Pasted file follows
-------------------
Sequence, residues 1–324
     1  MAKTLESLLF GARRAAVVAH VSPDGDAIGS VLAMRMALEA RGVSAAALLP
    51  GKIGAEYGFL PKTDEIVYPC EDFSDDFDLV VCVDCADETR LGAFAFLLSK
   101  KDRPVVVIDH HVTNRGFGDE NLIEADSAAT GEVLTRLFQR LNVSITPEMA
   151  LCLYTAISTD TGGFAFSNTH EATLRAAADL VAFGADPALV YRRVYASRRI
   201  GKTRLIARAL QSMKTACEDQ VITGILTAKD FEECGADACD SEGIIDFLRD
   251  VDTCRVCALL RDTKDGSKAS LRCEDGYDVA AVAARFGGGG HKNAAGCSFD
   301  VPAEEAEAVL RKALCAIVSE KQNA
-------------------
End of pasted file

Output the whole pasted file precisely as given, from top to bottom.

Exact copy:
Sequence, residues 1–324
     1  MAKTLESLLF GARRAAVVAH VSPDGDAIGS VLAMRMALEA RGVSAAALLP
    51  GKIGAEYGFL PKTDEIVYPC EDFSDDFDLV VCVDCADETR LGAFAFLLSK
   101  KDRPVVVIDH HVTNRGFGDE NLIEADSAAT GEVLTRLFQR LNVSITPEMA
   151  LCLYTAISTD TGGFAFSNTH EATLRAAADL VAFGADPALV YRRVYASRRI
   201  GKTRLIARAL QSMKTACEDQ VITGILTAKD FEECGADACD SEGIIDFLRD
   251  VDTCRVCALL RDTKDGSKAS LRCEDGYDVA AVAARFGGGG HKNAAGCSFD
   301  VPAEEAEAVL RKALCAIVSE KQNA